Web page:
Badhuis Boerhaaveplein.  Photo on the left: waiting area for bathers.  Photo on the right: lifeguard mr.  Shafts.  |  Photos: Doriann Kransberg (May 1984), Amsterdam City Archives image bank (010122035728 and 010122035731).Badhuis Boerhaaveplein. Photo on the left: waiting area for bathers. Photo on the right: lifeguard mr. Shafts. | Photos: Doriann Kransberg (May 1984), Amsterdam City Archives image bank (010122035728 and 010122035731).

Another example of a bathhouse that has this round shape is the bathhouse in Diamantbuurt. The Department of Public Works liked the design of the bathhouse on Boerhaaveplein so much that it even sent a photo of the bathhouse to the 1925 World Exhibition in Paris!

Municipal bathhouse on Diamantstraat, with the same round shape as the bathhouse on Boerhaaveplein.  |  Photo: JM Arsath Ro'is (January 1973), Amsterdam City Archives image bank (010122031778).Municipal bathhouse on Diamantstraat, with the same round shape as the bathhouse on Boerhaaveplein. | Photo: JM Arsath Ro’is (January 1973), Amsterdam City Archives image bank (010122031778).

The rise of the bathroom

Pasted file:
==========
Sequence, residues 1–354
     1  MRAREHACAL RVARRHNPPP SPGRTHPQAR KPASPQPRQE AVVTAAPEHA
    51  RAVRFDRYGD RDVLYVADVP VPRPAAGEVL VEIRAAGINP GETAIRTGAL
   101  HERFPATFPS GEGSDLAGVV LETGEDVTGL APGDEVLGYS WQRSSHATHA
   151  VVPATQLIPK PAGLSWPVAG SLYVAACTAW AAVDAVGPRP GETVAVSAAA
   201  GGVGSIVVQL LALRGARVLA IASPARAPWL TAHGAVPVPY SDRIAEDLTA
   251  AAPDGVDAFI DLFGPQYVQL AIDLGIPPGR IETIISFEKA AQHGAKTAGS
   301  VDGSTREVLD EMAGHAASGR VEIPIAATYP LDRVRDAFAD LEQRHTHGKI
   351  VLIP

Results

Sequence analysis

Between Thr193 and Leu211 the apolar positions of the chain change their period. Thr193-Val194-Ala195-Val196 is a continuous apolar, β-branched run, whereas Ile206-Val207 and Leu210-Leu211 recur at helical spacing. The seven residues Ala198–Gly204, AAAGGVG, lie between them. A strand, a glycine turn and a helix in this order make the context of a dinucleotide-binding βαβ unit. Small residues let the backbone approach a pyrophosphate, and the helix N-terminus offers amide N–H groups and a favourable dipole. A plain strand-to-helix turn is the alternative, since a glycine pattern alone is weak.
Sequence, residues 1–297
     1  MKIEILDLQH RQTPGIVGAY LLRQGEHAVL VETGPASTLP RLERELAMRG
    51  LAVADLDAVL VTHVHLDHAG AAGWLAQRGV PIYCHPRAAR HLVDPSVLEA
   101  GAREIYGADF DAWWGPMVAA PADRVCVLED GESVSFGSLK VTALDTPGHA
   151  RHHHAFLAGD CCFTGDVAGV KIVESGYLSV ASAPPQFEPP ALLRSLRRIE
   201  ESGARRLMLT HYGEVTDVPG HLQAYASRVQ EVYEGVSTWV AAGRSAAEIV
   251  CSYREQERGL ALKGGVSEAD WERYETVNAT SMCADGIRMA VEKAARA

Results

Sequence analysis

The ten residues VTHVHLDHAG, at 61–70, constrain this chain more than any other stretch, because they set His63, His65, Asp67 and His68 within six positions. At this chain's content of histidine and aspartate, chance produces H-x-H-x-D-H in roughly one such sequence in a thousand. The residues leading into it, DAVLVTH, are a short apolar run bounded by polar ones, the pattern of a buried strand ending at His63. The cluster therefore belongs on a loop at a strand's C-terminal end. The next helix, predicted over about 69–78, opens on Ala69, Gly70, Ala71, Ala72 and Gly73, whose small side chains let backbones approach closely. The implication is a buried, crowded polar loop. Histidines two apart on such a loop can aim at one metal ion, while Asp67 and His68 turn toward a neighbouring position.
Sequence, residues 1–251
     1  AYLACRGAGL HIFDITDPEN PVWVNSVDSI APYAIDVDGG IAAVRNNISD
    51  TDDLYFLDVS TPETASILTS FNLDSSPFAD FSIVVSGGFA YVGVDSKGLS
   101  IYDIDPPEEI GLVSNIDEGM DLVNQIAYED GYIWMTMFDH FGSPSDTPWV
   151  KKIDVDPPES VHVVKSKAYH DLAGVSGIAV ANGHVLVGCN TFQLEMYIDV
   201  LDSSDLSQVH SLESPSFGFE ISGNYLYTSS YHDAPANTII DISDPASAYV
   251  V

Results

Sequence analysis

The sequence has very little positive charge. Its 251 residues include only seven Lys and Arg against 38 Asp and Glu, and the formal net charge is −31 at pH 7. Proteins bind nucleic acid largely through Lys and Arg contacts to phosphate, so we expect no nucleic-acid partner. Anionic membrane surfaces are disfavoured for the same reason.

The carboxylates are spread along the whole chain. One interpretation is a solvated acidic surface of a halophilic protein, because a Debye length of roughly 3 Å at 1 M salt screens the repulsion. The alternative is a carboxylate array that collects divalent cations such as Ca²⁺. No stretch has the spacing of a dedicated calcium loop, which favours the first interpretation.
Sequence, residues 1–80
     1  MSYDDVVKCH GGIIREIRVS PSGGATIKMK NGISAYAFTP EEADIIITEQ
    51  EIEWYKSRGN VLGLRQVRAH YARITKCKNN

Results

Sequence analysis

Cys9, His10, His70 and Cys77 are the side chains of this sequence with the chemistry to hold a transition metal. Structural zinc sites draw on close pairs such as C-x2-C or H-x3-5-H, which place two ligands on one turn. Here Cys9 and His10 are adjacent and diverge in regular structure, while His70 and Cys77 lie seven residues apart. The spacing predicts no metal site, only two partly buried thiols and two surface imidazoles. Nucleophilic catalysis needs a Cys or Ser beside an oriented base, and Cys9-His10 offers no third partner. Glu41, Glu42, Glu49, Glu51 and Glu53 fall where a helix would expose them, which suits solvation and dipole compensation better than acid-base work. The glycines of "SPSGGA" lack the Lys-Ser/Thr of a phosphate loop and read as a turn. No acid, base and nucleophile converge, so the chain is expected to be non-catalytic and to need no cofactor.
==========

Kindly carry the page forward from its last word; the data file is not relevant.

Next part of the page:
In 1933, a municipal building law stipulated that every new home should have its own shower. As a result, visits to the baths stagnated. At its peak in 1956, 1.9 million visits were made to the bathhouses; in 1986 there were only 80,000. Today there is only one functioning bathhouse in Amsterdam, and in the Netherlands: on Da Costakade, bathhouse Da Costa.

Interior of the Da Costa bathhouse, effort to preserve the bathhouse.  |  Photo: Frans Busselman (18 June 1986), Amsterdam City Archives image bank (B00000003871).Interior of the Da Costa bathhouse, effort to preserve the bathhouse. | Photo: Frans Busselman (18 June 1986), Amsterdam City Archives image bank (B00000003871).

Around 1986, when more and more houses in Amsterdam had bathrooms, the bathhouse on Boerhaaveplein was closed and it took on a new function as a theatre. And it still is. Now Mike’s Badhuisheater is housed in the bath house. Here the focus is on community art and international productions. In addition, the bathhouse also functions as a cultural meeting place, a good place to immerse yourself in the culture. Come and take a look at this former bathhouse during Open Monument Day Amsterdam on September 10 and 11!

Heritage of the week

Each week, the Heritage of the Week section focuses on a special archaeological find, site, object, monumental building or historical site in the city. Via the website amsterdam.nl/erfgoed, Twitter @arv020 and Facebook Monuments and Archeology the cultural heritage experts in Monuments and Archeology share the city’s heritage with Amsterdammers and other interested parties.

Banner photo: bathhouse on Boerhaaveplein. | Photo: Ino Roël (February 1985), Amsterdam City Archives image bank (010122035724).